It has been found that when an extruded food composition containing carboxymethylcellulose, more particularly sodium carboxymethylcellulose, is contacted with aluminum ions the resulting food product will not have a gel-like coating around it, but will be very stable and have textural characteristics which are appealing.

The carboxymethylcellulose gel that arises upon treatment with aluminum ions is stable in the sense that a continuous gel forms throughout the body of the extruded article. This therefore gives rise to an article with 3-dimensional structure or stability without freezing or cooking.

Carboxymethylcellulose-based extrusions are believed to crosslink with trivalent cations at a much slower rate than alginate-based extrusions. Therefore, the kinetics of the carboxymethylcellulose system allow the soluble aluminum ions to diffuse throughout the extrusion before the crosslinking reactions can prevent their penetration. The resulting 3-dimensional gel is a more open configuration than the alginate-based products. The carboxymethylcellulose gel membranes enclose pockets of the extruded food mixture throughout the body of the extruded item.

The matrix composition is made by admixing carboxymethylcellulose or a salt of carboxymethylcellulose, with a gelling binder and other batter-like ingredients to form a homogeneous blend. The composition is mixed with minced or finely chopped food particles and water to form a food mash.

Generally, the gelling binder is a cellulose ether. The cellulose ether could include methylcellulose, hydroxypropyl methylcellulose and methylethylcellulose. Preferably, the cellulose ether is methylcellulose. More particularly, methylcellulose has from about 27.5 to about 31.5 methoxyl substitution. The hydroxypropyl methylcellulose has from about 19.0 to about 30.0 weight percent methoxyl substitution and from about 4 to about 12 weight percent hydroxypropyl substitution.

Other batter-like ingredients that could be added to form the matrix composition include flour, starch, sugar, salt, flavorings, color, gums, sodium bicarbonate, cicid phosphates and the like. The food composition could contain from about 1.0 to about 5 weight percent carboxymethylcellulose, from about 6 to about 12 weight percent starch, from about 10 to about 14 weight percent flour, from greater than zero to about 3 weight percent sugar, from greater than zero to about 2 weight percent salt and from about 0.25 to about 2 weight percent cellulose ether.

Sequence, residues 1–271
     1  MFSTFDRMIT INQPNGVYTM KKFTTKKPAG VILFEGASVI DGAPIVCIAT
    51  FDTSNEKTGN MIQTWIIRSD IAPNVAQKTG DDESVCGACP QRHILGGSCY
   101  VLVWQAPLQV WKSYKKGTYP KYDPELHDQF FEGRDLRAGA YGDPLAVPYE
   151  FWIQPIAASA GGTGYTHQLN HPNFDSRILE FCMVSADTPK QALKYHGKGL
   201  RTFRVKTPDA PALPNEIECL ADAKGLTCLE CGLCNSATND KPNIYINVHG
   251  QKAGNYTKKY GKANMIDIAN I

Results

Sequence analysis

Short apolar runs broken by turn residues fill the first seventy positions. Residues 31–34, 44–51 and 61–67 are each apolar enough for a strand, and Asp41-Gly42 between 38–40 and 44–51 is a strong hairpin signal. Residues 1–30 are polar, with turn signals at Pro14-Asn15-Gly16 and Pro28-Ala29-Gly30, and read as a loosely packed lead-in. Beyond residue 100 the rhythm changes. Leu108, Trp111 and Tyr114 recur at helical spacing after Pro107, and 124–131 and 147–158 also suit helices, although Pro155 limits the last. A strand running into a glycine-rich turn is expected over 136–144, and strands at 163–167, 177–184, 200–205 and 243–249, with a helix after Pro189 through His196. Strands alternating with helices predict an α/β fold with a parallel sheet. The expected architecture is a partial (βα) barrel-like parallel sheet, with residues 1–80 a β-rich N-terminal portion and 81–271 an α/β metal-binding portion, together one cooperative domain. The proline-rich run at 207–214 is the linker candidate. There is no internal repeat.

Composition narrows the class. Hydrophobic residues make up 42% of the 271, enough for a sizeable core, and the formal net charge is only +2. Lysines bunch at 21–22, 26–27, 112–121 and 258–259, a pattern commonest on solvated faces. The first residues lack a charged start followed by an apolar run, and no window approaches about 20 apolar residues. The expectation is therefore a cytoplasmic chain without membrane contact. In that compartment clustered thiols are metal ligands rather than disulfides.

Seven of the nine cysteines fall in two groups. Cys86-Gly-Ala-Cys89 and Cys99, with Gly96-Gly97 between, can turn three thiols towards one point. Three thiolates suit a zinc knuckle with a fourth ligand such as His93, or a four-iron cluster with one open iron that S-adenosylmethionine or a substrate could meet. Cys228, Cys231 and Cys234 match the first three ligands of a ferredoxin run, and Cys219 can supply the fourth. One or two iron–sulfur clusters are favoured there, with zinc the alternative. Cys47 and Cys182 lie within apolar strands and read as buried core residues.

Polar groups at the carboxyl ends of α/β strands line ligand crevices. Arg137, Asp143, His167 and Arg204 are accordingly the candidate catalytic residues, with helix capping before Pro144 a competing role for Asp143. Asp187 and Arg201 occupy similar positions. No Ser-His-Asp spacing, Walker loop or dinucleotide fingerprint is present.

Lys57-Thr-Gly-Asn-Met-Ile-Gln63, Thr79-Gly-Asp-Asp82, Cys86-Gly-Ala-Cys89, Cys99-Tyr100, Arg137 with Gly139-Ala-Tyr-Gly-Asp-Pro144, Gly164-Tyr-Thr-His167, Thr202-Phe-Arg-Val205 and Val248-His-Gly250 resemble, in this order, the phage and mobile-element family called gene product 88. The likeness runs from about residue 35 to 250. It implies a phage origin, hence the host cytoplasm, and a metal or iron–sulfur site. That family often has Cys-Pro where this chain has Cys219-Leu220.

More preferably, the matrix composition contains from about 1 to about 3 weight percent carboxymethylcellulose, about 8 to about 10 weight percent starch starch, from about 10 to about 11 weight percent flour, from about 0.5 to about 1.5 weight percent sugar, from about 0.5 to about 1.5 weight percent salt, and from about 0.5 to about 1.5 cellulose ether. Most preferably, the matrix composition contains 2 weight percent carboxymethylcellulose, 9 weight percent starch, 11 weight percent flour, 1 weight percent sugar, 1 weight percent salt, and 1 weight percent cellulose ether.

The matrix composition is admixed with water and the minced or finely chopped food particles to form food mash. The foods which can be used include fish, vegetables such as onions, mushrooms, zuchinni and the like, cheeses, meats or fowl, "egg roll" type products and mixtures thereof. The temperature of water is about 35 to about 70 F. Preferably, the water is about 35 to about 40 F.

Typically the food mash contains from about greater than zero to about 25 weight percent food particles, about 50 to about 80 weight percent water, and 15 to about 40 weight percent of the matrix composition; more preferably about 7 to about 15 weight percent food particles, about 58 to about 67 weight percent water and about 22 to about 30 weight percent matrix composition. Preferably, the mash contains 10 weight percent food particle, 63 weight percent water, and 27 weight percent matrix composition.

The food mash composition is extruded into a shaped form. In order to feed the food mash into the extruder a feed system is designed such that the viscous mash composition is delivered through a die of an extruder at a constant rate. Typically the mash is pumped into an extruder head. Generally, the extruder will have from about 1 to about 10 heads. Preferably, the extruder will have from about 7 to about 10 heads, most preferably about 10 heads. The heads form and extrude the mash composition into the desired shape.

The head is pushed by pressure which is about 3 psi to about 10 psi, preferably about 5 psi into a cylinder. Pump pressure of about 3 to about 10 psi is put on the product which pushes the mash composition to the forming heads. Various extrusion rates can be achieved by varying the pump pressure and the cutting head speed.